You’re a smart investor. You make rational decisions. You do your research before investing. But emotion may unwittingly be playing a role in how you invest — whether as a member of an investment committee or private investor — driving you to make decisions based not on facts but on heart and gut feelings.
“Traditional finance is based on the idea that investors are rational and do not allow fear or greed to influence their decisions,” says Matthew A. Shannon, CIMA®, Managing Director – Investments, Senior Institutional Consultant, Legacy Strategic Asset Management of Wells Fargo Advisors LLC. “Behavioral finance, on the other hand, takes into consideration the role that psychology and emotions can have when making financial decisions and incorporates that behavior into decision-making.”
Smart Business spoke with Shannon about how emotional biases influence investments and how an expert adviser can help you recognize — and counter — them when making financial decisions.
How do emotional biases impact financial decision-making?
We are living in a higher emotional state, with access to a lot of information. Humans naturally have a greater propensity to make decisions based on emotion in times like these, and not just about investments. While emotional decision-making may work in some aspects of life, going with your gut on investments is generally misguided.
There’s a premise that people, given similar information, tend to act similarly in decision-making, but not everyone will react rationally, especially in extreme circumstances.
What are some types of emotional biases?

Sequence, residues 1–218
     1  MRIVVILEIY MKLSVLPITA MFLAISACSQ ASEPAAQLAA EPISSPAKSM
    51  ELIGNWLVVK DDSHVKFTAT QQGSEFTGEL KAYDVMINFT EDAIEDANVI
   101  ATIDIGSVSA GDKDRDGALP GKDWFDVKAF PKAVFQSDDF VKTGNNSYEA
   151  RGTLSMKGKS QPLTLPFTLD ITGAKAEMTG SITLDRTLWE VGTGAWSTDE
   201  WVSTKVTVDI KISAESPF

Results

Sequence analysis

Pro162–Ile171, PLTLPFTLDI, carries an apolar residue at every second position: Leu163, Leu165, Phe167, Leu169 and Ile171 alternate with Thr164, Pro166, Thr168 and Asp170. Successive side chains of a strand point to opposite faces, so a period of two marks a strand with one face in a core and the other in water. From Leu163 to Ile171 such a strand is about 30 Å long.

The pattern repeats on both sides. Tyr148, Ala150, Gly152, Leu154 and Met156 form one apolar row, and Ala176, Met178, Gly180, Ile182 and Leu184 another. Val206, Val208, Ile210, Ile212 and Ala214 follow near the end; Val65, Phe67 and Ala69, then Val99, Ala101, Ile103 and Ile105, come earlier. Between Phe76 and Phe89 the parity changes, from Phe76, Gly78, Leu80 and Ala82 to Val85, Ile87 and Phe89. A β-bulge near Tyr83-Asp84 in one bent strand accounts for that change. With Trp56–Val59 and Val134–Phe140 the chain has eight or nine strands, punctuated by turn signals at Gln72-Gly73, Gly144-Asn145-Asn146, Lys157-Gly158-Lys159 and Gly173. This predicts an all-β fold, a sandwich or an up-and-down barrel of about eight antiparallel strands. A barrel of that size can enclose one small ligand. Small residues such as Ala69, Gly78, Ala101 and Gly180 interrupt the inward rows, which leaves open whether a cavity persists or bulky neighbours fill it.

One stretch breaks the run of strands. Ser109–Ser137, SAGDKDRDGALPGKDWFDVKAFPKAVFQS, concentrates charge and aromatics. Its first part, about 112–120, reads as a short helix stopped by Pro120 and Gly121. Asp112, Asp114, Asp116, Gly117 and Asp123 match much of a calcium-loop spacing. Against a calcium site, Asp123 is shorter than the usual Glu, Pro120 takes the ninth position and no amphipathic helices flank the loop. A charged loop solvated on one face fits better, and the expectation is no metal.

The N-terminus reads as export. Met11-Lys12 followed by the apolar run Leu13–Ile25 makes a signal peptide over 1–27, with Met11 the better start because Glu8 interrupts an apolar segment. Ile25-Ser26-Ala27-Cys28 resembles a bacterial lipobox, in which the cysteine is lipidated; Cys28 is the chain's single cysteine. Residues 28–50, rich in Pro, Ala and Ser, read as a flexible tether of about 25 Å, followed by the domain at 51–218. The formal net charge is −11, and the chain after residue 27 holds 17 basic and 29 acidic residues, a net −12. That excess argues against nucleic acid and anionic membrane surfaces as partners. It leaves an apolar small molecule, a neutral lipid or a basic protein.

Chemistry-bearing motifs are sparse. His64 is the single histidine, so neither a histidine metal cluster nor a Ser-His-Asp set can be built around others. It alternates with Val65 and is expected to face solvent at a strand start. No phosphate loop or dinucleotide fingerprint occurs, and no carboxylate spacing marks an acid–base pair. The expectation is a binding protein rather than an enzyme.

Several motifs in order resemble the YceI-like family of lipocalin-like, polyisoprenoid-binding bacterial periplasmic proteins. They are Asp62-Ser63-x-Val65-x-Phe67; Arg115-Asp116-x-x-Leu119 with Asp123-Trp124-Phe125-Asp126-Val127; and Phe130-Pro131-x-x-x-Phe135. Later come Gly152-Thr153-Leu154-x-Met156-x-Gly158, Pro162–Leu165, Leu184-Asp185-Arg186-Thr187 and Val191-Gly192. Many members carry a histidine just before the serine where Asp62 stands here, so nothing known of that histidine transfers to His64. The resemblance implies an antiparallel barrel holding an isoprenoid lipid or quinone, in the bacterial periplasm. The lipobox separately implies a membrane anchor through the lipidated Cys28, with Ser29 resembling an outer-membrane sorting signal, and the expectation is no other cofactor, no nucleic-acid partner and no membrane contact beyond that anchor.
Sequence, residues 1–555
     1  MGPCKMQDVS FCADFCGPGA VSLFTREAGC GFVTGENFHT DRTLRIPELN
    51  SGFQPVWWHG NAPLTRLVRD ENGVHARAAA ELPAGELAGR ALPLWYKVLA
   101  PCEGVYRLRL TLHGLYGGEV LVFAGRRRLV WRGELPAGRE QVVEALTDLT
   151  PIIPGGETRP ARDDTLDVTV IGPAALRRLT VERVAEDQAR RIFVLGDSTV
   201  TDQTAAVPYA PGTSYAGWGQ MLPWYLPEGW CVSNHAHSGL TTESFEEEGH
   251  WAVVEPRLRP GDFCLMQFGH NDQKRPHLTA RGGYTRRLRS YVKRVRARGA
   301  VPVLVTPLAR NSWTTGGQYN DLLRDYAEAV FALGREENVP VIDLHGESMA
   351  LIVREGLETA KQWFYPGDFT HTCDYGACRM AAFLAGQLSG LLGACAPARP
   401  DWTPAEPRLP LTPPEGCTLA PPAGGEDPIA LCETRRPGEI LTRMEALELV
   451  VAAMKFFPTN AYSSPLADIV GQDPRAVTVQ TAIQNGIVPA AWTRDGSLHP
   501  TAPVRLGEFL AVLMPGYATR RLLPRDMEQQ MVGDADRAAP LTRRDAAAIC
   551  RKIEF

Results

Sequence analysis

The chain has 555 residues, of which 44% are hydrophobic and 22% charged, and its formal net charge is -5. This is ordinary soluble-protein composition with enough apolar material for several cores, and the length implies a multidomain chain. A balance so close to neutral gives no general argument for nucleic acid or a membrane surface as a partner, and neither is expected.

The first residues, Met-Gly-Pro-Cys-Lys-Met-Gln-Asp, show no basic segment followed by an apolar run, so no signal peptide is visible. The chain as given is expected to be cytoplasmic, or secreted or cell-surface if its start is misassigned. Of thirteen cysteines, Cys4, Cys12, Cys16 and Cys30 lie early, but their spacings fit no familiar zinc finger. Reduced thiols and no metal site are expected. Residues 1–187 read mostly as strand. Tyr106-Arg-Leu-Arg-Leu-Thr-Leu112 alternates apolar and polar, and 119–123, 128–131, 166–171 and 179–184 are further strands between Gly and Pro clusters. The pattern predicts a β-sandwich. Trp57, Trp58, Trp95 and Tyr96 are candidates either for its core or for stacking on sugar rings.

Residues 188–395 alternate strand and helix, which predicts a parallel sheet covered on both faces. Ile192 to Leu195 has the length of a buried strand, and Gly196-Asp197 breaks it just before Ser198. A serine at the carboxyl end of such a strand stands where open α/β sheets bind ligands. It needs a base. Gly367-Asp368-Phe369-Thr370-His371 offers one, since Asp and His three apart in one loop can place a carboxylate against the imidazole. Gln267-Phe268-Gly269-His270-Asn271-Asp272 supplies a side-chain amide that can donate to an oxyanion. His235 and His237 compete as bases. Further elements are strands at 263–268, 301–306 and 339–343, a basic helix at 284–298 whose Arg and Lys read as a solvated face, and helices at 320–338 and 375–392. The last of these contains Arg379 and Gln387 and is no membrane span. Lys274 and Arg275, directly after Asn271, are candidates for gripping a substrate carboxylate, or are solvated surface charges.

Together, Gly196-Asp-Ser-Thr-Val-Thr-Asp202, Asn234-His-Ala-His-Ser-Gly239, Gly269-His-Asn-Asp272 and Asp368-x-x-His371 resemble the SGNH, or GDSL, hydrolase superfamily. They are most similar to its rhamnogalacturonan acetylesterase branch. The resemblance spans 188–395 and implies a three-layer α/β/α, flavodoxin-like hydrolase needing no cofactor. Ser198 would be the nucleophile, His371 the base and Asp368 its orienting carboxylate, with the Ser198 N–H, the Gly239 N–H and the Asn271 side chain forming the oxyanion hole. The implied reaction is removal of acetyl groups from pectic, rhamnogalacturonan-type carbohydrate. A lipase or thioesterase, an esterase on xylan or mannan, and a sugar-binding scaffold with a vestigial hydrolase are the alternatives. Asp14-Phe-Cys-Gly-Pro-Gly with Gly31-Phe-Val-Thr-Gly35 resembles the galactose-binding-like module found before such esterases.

Loss aversion is the natural tendency to try to avoid loss, because the pain of loss hurts twice as much as the pleasure of gain. If the market is down, people try to time it because they can’t take the loss. They know markets ebb and flow, but they are so afraid to lose that they make bad decisions to avoid a loss.
With regret aversion, people avoid making any decision for fear of being wrong, so afraid of regret that they don’t do anything. With the market, sometimes rebalancing is the right thing to do, and failure to act can be a negative. Overconfidence bias is a tendency to believe your judgment is better than it is. While self-confidence is good, most people believe their judgment is better than others, which can lead to bad decisions.
Finally, confirmation bias is prevalent. People in general only look for views that match theirs. But basing investment planning on an emotional response can result in potentially bad investments. When you can trade your entire 401(k) on your cell phone, you need to recognize that markets are extremely dynamic and carefully consider all angles before moving forward.
How important is working with a financial advisor?
Having a written plan takes emotion out of the equation. If you are an individual investor, work with a professional to go through the financial planning process in all aspects of your life. It’s not just investing that can fall prey to biases, but other financial moves.
Working with an adviser is critical. A professional can help define your individual needs and objectives, starting with a 30,000-foot view, then bringing it down to the investment level. But that plan is not set in stone; if things change, it needs to be dynamic. For both fiduciaries in an institutional setting and individual investors, the plan (often referred to as the Investment Policy Statement) lays out the dos and don’ts of what you are trying to accomplish, taking emotion out of the equation.
An adviser can help talk you out of irrational decisions based on a gut feeling. Emotions can be extraordinarily powerful, and they don’t magically disappear when investing. We’ve seen people work tirelessly with an adviser to form a plan, then throw it all away based on an emotional reaction to COVID, or the market declining.
Emotional biases are real in decision-making, and having a strategic, well-thought-out framework from which to make good decisions is critically important to achieving ultimate success.
Insights Wealth Advisory is brought to you by Legacy Strategic Asset Management